No of course not, He was a parrot. He was grey red-tail and they are well known for their brilliant imitations of things. He could also speak, but of course he did not know what he said.
You could also say the same about certain musicians.
Oh yes. There are a lot of musicians who never give a thought to what they are playing or doing. Of course, but that doesn't matter. It doesn't mean they are dumb, it might have something to say about their quality as technicians, and there is a certain technique involved in what those so-called musicians do, yes.
As an instant composer, it must be your job to go beyond that way of thinking. I wonder, do you feel restricted by the fact that you usually must start with the familiar? How do you create something new when you have to use old building blocks?
Oh that's done in history a lot of times. Taking old roads and building churches or something.
I don't think I understand.
Let's say Roman roads -- the Romans made roads through all of Europe. Then at a certain point nobody was asking for roads anymore. They were happy or unhappy where they were and stayed there their whole lives and never traveled.
So they would take up the stones from the roadbed to build churches...
Yes. That's what they did finally. They thought: what do we need with these stupid old roads. Let's make something useful with them. And they did in their way, I think. Of course I think it's a ridiculous idea to build a church at all, but that's not the point here. In the Middle Ages, the question was what shall we do with them?
You originally come from Ukraine, is that right?
I come from Russia, Ukraine, yes, from Kiif.
And when did you migrate to Netherlands?
In 1938. I was three years old.
Did your parents leave for political reasons?
Yes of course, but mainly it was because the Russians wanted them out. They said, well that woman is a German. She can be a spy.
My mother was German, yes, a German Jewish woman. And my mother was afraid that the Germans would come to Russia and she would be one of the first victims, because of her being Jewish. The mother of my mother, my grandmother, was Jewish, so in the female line, I was also a Jew. But that's not how the Germans understood the word Jew. Since I had a non-Jewish father and grandfather, they would not see me as a Jew.
Because they follow patrilineal descent not, matrilineal...
Do you think of yourself as being a Jew?
(Laughs) No, no. Maybe half human, half something else. Being Jewish is not on my program.
So you spent almost your whole life in Holland, grew up there.
Yes, I was a little Dutchman. And now I'm an old Dutchman.
How did it happen that you discovered American jazz growing up in Holland?
During the war we had jazz records. We would have been shot perhaps if the Germans had found out. I had a 78, a little recording from "The Mooche," by the American Ellington. I was a boy between 5 and 9, and with that music the horror of the German occupation was gone. I wanted to know about that type of music. I found out in 1947. My father was a critic, a music critic for a Socialist daily journal, so he went to all kinds of classical concerts and took me with him. He wanted me to learn about Beethoven and Mozart and all that.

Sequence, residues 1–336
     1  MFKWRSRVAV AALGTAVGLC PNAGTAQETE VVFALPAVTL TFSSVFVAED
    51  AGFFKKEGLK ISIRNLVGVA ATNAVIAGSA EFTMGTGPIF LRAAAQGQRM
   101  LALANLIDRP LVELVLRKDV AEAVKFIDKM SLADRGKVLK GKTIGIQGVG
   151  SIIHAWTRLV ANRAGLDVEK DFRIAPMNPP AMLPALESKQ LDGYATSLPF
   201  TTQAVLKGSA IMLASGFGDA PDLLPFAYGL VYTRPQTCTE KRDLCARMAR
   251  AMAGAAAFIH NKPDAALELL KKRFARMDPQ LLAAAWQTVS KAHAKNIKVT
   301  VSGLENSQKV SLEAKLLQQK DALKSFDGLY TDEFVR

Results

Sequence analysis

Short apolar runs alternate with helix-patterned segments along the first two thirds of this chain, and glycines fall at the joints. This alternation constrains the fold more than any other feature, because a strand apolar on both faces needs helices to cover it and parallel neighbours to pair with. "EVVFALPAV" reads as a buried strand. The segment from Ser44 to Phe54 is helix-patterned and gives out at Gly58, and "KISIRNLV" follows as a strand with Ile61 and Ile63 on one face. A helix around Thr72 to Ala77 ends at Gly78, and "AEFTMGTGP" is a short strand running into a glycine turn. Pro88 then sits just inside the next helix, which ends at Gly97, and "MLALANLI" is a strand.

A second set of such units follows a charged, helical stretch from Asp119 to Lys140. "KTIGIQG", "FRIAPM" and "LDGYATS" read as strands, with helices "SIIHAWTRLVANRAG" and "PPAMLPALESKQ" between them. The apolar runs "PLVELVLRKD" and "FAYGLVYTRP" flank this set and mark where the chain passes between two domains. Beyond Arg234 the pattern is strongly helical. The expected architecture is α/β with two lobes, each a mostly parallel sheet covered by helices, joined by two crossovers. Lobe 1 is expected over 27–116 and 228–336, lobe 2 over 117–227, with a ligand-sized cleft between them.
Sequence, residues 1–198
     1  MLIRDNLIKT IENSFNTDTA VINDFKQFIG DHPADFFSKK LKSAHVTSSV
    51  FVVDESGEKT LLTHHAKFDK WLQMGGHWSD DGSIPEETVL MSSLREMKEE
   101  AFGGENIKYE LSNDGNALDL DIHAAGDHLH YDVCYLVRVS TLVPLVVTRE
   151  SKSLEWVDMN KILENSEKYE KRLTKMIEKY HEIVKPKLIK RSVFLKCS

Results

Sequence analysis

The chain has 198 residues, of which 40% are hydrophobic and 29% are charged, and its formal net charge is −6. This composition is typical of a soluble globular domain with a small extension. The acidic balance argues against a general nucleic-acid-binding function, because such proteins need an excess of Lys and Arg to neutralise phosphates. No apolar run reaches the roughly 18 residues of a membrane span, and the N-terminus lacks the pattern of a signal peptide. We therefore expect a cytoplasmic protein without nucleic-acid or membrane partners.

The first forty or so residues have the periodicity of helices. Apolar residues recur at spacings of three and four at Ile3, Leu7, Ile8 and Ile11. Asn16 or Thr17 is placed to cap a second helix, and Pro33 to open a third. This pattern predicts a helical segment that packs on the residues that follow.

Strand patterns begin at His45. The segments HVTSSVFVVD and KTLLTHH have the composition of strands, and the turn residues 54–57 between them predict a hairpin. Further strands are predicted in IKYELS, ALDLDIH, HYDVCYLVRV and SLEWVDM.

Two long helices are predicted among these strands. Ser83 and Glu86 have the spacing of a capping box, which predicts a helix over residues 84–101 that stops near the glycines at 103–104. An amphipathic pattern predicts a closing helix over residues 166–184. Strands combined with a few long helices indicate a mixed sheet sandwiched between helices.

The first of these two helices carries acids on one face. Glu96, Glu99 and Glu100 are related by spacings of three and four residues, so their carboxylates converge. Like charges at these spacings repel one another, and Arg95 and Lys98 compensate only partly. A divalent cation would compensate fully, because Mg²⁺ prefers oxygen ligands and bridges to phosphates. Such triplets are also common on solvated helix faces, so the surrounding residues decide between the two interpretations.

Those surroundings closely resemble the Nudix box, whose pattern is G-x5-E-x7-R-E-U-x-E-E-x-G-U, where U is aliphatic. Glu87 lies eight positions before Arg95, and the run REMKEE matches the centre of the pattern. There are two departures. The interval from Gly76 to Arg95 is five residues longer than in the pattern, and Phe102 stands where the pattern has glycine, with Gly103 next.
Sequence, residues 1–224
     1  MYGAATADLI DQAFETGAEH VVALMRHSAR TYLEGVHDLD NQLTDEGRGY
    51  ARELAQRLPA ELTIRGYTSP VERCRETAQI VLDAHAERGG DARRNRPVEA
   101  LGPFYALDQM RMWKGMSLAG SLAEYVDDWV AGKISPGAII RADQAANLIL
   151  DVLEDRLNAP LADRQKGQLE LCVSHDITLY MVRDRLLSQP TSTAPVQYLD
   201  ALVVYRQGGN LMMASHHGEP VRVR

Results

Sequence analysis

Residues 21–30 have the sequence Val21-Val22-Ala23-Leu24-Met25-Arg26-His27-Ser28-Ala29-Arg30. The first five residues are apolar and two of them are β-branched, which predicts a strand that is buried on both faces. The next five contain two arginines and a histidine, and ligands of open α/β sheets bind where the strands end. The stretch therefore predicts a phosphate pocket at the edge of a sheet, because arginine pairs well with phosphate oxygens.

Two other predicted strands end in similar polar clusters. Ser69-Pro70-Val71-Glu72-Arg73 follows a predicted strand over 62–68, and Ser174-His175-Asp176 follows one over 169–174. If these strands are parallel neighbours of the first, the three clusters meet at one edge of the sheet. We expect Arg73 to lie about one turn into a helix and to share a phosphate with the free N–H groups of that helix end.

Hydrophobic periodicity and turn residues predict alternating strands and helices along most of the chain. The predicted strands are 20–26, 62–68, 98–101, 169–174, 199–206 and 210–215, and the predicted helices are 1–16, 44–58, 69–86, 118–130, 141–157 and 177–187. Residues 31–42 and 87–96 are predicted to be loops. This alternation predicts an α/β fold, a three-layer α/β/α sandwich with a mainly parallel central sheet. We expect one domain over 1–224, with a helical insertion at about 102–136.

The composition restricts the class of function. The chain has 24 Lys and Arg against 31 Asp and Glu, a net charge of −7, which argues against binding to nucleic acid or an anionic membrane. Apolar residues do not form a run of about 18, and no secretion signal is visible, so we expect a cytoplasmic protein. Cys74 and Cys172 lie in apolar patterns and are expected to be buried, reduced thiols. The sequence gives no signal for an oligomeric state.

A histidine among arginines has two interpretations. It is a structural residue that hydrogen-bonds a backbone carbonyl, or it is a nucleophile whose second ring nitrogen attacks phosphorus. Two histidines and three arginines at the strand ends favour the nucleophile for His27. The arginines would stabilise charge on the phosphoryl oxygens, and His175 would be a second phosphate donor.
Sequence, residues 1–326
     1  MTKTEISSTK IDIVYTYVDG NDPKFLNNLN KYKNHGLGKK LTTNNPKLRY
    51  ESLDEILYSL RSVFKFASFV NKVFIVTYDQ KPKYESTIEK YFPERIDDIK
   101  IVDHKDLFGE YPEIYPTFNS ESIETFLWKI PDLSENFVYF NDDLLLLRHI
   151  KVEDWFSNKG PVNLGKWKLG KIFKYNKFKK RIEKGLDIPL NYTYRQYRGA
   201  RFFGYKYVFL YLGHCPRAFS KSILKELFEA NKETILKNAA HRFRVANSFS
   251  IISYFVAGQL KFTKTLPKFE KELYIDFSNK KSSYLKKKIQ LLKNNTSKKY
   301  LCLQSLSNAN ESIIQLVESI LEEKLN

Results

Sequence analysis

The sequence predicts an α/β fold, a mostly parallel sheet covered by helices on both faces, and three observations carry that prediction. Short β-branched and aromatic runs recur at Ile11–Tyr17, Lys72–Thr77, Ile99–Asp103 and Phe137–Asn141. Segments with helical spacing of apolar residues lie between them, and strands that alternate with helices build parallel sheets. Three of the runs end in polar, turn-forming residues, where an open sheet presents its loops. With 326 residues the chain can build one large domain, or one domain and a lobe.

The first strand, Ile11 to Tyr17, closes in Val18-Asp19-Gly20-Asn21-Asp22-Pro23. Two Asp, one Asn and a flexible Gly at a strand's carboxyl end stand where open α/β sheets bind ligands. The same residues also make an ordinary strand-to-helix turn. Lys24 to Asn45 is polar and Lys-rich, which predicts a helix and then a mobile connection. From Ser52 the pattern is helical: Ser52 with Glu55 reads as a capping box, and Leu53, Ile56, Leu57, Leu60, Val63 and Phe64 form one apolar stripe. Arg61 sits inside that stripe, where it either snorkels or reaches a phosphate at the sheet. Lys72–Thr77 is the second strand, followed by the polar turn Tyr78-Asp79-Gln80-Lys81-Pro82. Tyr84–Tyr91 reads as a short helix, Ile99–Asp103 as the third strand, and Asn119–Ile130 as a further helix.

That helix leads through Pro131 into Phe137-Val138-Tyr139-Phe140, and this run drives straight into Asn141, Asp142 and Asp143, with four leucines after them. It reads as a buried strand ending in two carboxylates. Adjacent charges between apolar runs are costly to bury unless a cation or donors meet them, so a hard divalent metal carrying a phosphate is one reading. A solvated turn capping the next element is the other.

Was he also a musician?
My father could play music. He was a conductor and a composer. So he wrote music and conducted.
But he made his living writing about music?
Yes, because nobody wanted to have him as a conductor, and that was because they thought he was a Communist, and they were right. He was a Communist from when he was 12 years old living in Holland, then living in Germany. At first they had no children, then at 34, my father planted me, and my mother went to a new job, because in Europe there were no jobs for her. She played the harp all her life. In Ukraine they had a symphonic orchestra so she went there. Then I came along.
So both your parents were professional musicians.
Yes, that's right. But that was not their plan for me. They said don't do that because you won't earn enough money. You'd better do something else.
What did they have in mind for you?
Not anything really, but I had something in mind, which had not so much to do with music. I wanted at a certain moment, when I was 12 or 13, I wanted to become an architect. And maybe become famous and build some very big projects. Then I would have time to put all my time to music. Because music was the thing that I felt I would be the best in from all the professions. I had a talent for music more than for writing or making signs or whatever.
There's talent, then there's passion.
Yes, but you maybe should not answer those passions. But if they are strong enough, you somehow get lured into it.
You know my son has always had a passion for music, but when he went to college he decided not to study music, instead he chose philosophy.
That's better than music I think. As a philosopher when you have only one original thought in your life, you can bank on that. That's what most philosophers do or have been doing. Spinoza, the Jewish philosopher in Holland, he was an Atheist, but he never dared say that he did not believe n God. Instead, when all others in Holland would say, 'It's in God's hands to do this or that,' he said, 'Well, nature sometimes gives advice on what to do.'
Nature instead of God...
Yes, of course four centuries later, my father told me there is not such a thing as God. He did that because his father also told him that when he was a little boy. And my grandfather's father put him in an asylum thinking he was crazy, and he died there.
His father thought he was crazy because he did not believe in God?
And because he did not want to go to church any more.
That's a bit frightening.